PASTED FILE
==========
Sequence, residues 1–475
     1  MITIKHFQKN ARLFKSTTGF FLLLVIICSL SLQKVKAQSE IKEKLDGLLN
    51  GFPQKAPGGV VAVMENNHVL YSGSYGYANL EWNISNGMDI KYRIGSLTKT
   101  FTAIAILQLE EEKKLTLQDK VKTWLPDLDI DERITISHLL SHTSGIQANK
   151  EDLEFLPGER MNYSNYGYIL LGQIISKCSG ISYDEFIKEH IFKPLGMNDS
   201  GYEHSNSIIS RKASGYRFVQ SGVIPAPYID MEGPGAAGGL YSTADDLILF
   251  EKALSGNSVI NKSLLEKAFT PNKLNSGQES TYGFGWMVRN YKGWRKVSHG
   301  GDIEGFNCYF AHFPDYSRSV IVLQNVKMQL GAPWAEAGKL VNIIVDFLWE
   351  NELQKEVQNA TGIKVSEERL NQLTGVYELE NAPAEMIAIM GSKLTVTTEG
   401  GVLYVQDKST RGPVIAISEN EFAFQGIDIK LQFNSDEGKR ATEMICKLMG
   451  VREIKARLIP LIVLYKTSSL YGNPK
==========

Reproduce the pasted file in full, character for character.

Sequence, residues 1–475
     1  MITIKHFQKN ARLFKSTTGF FLLLVIICSL SLQKVKAQSE IKEKLDGLLN
    51  GFPQKAPGGV VAVMENNHVL YSGSYGYANL EWNISNGMDI KYRIGSLTKT
   101  FTAIAILQLE EEKKLTLQDK VKTWLPDLDI DERITISHLL SHTSGIQANK
   151  EDLEFLPGER MNYSNYGYIL LGQIISKCSG ISYDEFIKEH IFKPLGMNDS
   201  GYEHSNSIIS RKASGYRFVQ SGVIPAPYID MEGPGAAGGL YSTADDLILF
   251  EKALSGNSVI NKSLLEKAFT PNKLNSGQES TYGFGWMVRN YKGWRKVSHG
   301  GDIEGFNCYF AHFPDYSRSV IVLQNVKMQL GAPWAEAGKL VNIIVDFLWE
   351  NELQKEVQNA TGIKVSEERL NQLTGVYELE NAPAEMIAIM GSKLTVTTEG
   401  GVLYVQDKST RGPVIAISEN EFAFQGIDIK LQFNSDEGKR ATEMICKLMG
   451  VREIKARLIP LIVLYKTSSL YGNPK